Davidson has attempted to offer his own solution to the problem of self-knowledge, but there has been no consensus between his commentators on what this solution is. Many have claimed that Davidson’s account stems from his remarks on disquotational specifications of self-ascriptions of meaning and mental content, the account which I will call the “Disquotational Explanation”. It has also been claimed that Davidson’s account rather rests on his version of content externalism, which I will call the “Externalist Explanation”. I will (...) argue that not only are these explanations of self-knowledge implausible, but Davidson himself has already rejected them. Thus, neither can be attributed to Davidson as his suggested account of self-knowledge. I will then introduce and support what I take to be Davidson’s official and independent account of self-knowledge, that is, his “Transcendental Explanation”. I will defend this view against certain potential objections and finally against the objections made by William Child. (shrink)
In this paper I argue for a pro tanto moral duty to be charitablein argument. Further, I argue that the amount of charitable effortrequired varies depending on the type of dialogue arguers areengaged in. In non-institutionalized contexts, arguers have influ-ence over the type of dialogue that will be adopted. Arguers aretherefore responsible with respect to charity on two levels: First,they need to take reasons for charity into account when deter-mining the dialogue-type. Second, they need to invest theamount of effort towards (...) charity required by the dialogue-type. (shrink)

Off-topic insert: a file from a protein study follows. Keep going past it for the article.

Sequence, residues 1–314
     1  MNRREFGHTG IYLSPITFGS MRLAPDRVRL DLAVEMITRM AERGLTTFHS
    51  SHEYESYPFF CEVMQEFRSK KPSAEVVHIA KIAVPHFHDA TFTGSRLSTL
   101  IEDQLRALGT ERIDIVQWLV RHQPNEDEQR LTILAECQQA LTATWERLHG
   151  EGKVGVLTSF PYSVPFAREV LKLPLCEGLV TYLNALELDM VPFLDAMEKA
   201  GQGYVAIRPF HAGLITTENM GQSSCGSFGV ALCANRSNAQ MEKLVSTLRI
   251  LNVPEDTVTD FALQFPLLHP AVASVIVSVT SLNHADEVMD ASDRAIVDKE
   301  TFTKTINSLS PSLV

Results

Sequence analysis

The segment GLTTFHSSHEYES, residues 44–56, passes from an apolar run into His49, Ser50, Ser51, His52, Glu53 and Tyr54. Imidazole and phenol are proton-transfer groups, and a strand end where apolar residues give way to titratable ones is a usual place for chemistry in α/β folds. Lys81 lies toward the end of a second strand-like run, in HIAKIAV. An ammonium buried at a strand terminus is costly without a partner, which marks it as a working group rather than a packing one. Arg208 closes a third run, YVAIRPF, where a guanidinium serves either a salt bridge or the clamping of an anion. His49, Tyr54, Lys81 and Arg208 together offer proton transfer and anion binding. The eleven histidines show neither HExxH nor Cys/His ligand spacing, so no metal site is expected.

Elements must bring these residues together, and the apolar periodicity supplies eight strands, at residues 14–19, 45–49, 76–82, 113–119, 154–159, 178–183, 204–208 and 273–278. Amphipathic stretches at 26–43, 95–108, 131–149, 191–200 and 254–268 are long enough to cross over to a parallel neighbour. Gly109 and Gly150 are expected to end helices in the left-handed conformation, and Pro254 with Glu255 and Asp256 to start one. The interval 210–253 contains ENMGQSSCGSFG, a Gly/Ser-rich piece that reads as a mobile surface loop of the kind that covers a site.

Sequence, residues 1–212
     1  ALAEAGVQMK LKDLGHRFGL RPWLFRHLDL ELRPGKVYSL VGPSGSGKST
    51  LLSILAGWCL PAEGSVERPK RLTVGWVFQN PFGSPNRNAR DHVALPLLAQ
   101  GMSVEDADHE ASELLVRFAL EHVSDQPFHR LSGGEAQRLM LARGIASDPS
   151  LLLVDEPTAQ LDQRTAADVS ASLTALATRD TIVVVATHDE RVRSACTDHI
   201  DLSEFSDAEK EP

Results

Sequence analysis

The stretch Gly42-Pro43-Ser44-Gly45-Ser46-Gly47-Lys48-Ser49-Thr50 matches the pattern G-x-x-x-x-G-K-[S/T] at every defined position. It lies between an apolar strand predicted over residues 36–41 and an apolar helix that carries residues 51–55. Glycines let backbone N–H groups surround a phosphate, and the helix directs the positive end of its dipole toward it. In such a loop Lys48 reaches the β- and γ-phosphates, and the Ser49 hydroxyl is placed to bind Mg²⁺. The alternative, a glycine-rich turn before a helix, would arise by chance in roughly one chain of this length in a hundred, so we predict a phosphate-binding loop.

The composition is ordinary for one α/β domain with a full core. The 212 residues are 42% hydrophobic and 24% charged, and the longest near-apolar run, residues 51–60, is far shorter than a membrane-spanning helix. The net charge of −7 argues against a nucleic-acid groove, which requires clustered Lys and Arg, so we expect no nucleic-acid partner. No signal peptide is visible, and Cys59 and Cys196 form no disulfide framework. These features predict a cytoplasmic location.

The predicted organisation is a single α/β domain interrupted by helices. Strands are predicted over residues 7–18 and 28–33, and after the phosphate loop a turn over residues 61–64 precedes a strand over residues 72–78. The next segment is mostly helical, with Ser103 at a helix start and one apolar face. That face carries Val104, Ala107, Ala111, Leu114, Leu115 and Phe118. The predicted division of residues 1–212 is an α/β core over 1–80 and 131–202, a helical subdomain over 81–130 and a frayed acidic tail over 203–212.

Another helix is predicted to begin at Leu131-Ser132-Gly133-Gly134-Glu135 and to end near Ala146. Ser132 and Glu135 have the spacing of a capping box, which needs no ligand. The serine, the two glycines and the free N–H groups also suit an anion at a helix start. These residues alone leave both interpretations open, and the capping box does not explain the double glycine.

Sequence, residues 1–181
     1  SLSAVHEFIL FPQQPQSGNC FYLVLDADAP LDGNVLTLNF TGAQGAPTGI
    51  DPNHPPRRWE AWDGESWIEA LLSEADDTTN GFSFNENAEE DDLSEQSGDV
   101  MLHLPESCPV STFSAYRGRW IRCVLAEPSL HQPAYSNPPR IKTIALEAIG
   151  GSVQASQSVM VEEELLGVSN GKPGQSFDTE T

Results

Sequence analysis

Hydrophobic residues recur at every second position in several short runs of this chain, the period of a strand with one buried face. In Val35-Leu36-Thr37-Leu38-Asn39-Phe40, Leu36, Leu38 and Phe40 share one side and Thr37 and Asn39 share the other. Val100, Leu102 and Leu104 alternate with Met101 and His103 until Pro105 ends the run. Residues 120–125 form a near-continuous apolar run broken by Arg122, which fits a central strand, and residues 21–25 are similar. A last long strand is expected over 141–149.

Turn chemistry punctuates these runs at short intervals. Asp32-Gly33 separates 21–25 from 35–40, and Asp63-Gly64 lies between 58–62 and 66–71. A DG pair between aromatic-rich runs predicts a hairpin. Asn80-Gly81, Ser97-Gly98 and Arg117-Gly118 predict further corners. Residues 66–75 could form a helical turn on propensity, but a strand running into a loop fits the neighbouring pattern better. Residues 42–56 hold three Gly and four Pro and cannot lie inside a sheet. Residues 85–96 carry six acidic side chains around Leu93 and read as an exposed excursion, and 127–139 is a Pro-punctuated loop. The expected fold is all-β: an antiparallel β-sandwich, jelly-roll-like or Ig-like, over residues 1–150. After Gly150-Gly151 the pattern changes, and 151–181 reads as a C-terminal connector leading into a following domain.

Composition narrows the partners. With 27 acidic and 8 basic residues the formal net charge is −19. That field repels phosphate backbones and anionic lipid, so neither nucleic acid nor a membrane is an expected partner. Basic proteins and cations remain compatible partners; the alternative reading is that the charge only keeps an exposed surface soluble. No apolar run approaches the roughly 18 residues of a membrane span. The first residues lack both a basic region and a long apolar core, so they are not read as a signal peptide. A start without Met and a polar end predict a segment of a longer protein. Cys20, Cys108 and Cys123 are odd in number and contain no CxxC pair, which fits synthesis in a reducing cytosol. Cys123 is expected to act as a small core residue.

In this chapter I argue that intellectual humility is related to argumentation in several distinct but mutually supporting ways. I begin by drawing connections between humility and two topics of long-standing importance to the evaluation of informal arguments: the ad verecundiam fallacy and the principle of charity. I then explore the more explicit role that humility plays in recent work on critical thinking dispositions, deliberative virtues, and virtue theories of argumentation.
According to Wright’s Judgement-Dependent account of intention, facts about a subject’s intentions can be taken to be constituted by facts about the subject’s best opinions about them formed under certain optimal conditions. This paper aims to defend this account against three main objections which have been made to it by Boghossian, Miller and implicitly by Wright himself. It will be argued that Miller’s objection is implausible because it fails to take into account the partial-determination claim in this account. Boghossian’s objection (...) also fails because it is based on an unjustified reductionist reading of Wright’s account. However, Wright’s own attempt to resist Boghossian’s objection seems to display a shift from his Judgement-Dependent account to an Interpretationist account of self-knowledge, in which case Wright’s new account would face the same problem which he himself has previously put forward in the case of Davidson’s Interpretationist account of self-knowledge. Nonetheless, I will argue that Wright does not need to make such a move because Boghossian’s objection is not applicable to his account. (shrink)